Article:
Grandmothers Against Removals National Committee and the Aboriginal Tent Embassy released this statement at a rally in Canberra on the anniversary of the National Apology on February 13. * * * Today we march in protest against the unprecedented theft of Aboriginal children from their families by so-called “Child Protection” agencies across Australia.
Chanting "Always was, always will be, Aboriginal land," more than 500 members of Aboriginal communities from across the country and their supporters marched from Civic in the centre of Canberra to the Aboriginal Tent Embassy in front of Old Parliament House on January 26, also known as Invasion Day. The embassy was also the site of the second meeting of the Indigenous National Freedom Summit, following its founding in Alice Springs in November 2014.
Over the recent Labour Day weekend in Canberra, students from around the country came together at the EduFactory conference to discuss the current situation of Australian universities, to swap strategies and understanding and to foster links between campaigns and collectives. The conference was the result of dedicated work by grassroots organisers and included current and former, undergraduate and post-graduate students from a wide range of political persuasions.
Australian historian Humphrey McQueen gave the speech below at a forum held by Canberra Friends of Wikileaks on June 27. * * * Once more, I have the honour of sharing a platform with Christine Assange. Since we were at the Sydney meeting in February, she has come through five tortuous months. Her calm yet loving commitment to keeping us up to date with the legal and extra-judicial proceedings inspires us all.
As US President Barack Obama received a standing ovation inside Australia's Parliament House on November 17, a protest organised by Sydney Stop The War Coalition, Peace Bus, Bradley Manning Support Group, Christine Assange and Wikileaks supporters took place outside.
About 5000 people walked across Commonwealth Bridge and rallied in front of Parliament House on June 5, calling for real action on climate change now. Speakers included former Liberals Leader John Hewson, Richard Dennis from the Australia Institute, 2010 Greens Senate candidate Lin Hatfield Dodds and Bishop Pat Power. Hewson said we needed to respond to climate change with a greater sense of urgency and in a way that recognised the magnitude of the problem.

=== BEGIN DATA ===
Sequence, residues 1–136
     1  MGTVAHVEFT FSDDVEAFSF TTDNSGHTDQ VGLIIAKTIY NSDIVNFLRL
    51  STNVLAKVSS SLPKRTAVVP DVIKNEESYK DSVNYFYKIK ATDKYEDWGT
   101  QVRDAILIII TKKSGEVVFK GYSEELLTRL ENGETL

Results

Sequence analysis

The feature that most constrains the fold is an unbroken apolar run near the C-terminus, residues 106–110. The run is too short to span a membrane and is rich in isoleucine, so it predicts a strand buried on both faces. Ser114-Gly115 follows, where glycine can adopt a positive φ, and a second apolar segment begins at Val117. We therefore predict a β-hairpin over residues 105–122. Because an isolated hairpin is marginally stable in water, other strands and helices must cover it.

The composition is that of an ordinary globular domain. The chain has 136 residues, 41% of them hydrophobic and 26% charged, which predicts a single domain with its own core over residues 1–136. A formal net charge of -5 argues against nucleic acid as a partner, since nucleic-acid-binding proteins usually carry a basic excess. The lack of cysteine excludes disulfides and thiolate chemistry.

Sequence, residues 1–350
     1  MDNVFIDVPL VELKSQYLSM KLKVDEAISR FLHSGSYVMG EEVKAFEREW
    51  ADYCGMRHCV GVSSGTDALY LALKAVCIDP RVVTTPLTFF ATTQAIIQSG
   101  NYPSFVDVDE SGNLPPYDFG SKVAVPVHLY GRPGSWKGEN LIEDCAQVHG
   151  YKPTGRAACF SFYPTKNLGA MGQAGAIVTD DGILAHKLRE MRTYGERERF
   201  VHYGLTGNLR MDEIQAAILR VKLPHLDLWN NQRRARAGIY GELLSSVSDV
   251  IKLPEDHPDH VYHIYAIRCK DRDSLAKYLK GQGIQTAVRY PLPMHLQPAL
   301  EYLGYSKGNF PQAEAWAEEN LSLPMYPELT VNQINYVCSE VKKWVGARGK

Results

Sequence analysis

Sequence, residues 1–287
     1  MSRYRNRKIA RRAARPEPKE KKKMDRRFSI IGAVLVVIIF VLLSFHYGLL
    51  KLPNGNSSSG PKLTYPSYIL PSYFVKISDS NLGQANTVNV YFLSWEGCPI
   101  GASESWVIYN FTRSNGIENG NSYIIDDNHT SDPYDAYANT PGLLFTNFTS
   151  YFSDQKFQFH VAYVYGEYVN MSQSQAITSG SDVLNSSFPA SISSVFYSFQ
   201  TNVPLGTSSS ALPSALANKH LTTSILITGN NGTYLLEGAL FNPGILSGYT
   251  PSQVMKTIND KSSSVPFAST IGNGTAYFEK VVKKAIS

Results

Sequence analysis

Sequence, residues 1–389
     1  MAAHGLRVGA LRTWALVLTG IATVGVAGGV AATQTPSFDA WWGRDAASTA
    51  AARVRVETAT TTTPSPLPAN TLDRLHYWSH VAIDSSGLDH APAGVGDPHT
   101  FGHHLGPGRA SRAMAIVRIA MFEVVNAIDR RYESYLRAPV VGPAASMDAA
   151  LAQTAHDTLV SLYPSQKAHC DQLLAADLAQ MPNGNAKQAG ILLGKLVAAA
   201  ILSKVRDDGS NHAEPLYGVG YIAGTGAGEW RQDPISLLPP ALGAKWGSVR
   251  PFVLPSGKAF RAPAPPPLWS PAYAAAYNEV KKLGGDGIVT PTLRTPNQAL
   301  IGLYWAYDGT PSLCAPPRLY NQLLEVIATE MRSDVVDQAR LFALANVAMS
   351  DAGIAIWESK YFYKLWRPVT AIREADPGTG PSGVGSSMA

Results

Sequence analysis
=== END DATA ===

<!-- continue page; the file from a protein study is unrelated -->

Australia’s first national rally of intersex, sex and/or gender diverse (ISGD) people saw 180 participants gather on the lawns of parliament house, Canberra, on May 11. Two buses of ISGD people and allies travelled from Sydney. A bus arrived from Melbourne and 10 activists flew from Brisbane to attend the important action, undeterred by the cold, windy weather.
Two hundred people attended the launch of the National Museum of Labour on November 11, in the old government fitter’s workshop in Kingston, ACT. They heard from union officials, politicians and rank-and-file unionists. Unions ACT secretary Kim Sattler introduced speakers including: Australian Council of Trade Unions president Ged Kearney; Anna Booth from major sponsors, Slater & Gordon; historian Norman Abjorensen, and federal Labor MP for Eden Monaro, Mike Kelly. To find out more, visit National Museum of Labour website.
Regional labour councils from New South Wales, Victoria and Western Australia met in Canberra over November 11-12 to discuss building the union movement in regional areas. Unions ACT hosted the meeting. Australian Council of Trade Unions president Ged Kearney discussed the ACTU’s plans to increase union membership and sought feedback from the regional councils present. The meeting resolved to improve communication between councils.
The second MP to speak in the House of Representatives debate on Australian military intervention in Afghanistan – a debate held nine years after the intervention began – was the newly elected independent Member for Denison (Tasmania) Andrew Wilkie.
On October 19, Sydney Stop The War Coalition activist Marlene Obeid was dragged out of the parliamentary public gallery as Australia's Prime Minister Julia Gillard announced that Australian troops would be "engaged in Afghanistan at least for the rest of this decade". "They are war criminals", said Obeid as she was dragged off by Parliament House security guards. She was right but, until the new Greens MP Adam Bandt spoke (see full speech below) , her stifled protest was the sole voice for peace and justice in the House of Representatives chamber.
On October 19, at exactly 3.30pm, the Lib-Lab politicians suddenly went from smirk to sombre as the Afghanistan “debate” finally started – nine years too late. I was sitting in the public gallery, along with fellow activists from Sydney Stop the War Coalition, watching “question time” – where backbenchers ask “Dorothy Dixers” of their “senior” front benchers. We were becoming increasingly irritated by the major parties’ self-important MPs filling up the time with ridiculous antics while being ineffectively berated by the long-suffering speaker.
Canberra’s bus service, Action, is trying to impose a new enterprise bargaining agreement (EBA) on bus drivers to undermine their rights at work. Under the current EBA, 40% of Canberra’s bus drivers are part-time and have to wait four years until they can get full-time work. If the part-time to full-time ratio that Action wants is implemented, workers will have to wait seven to eight years for a full-time job. “We’re fighting to protect bus driving as a profession”, one bus driver said.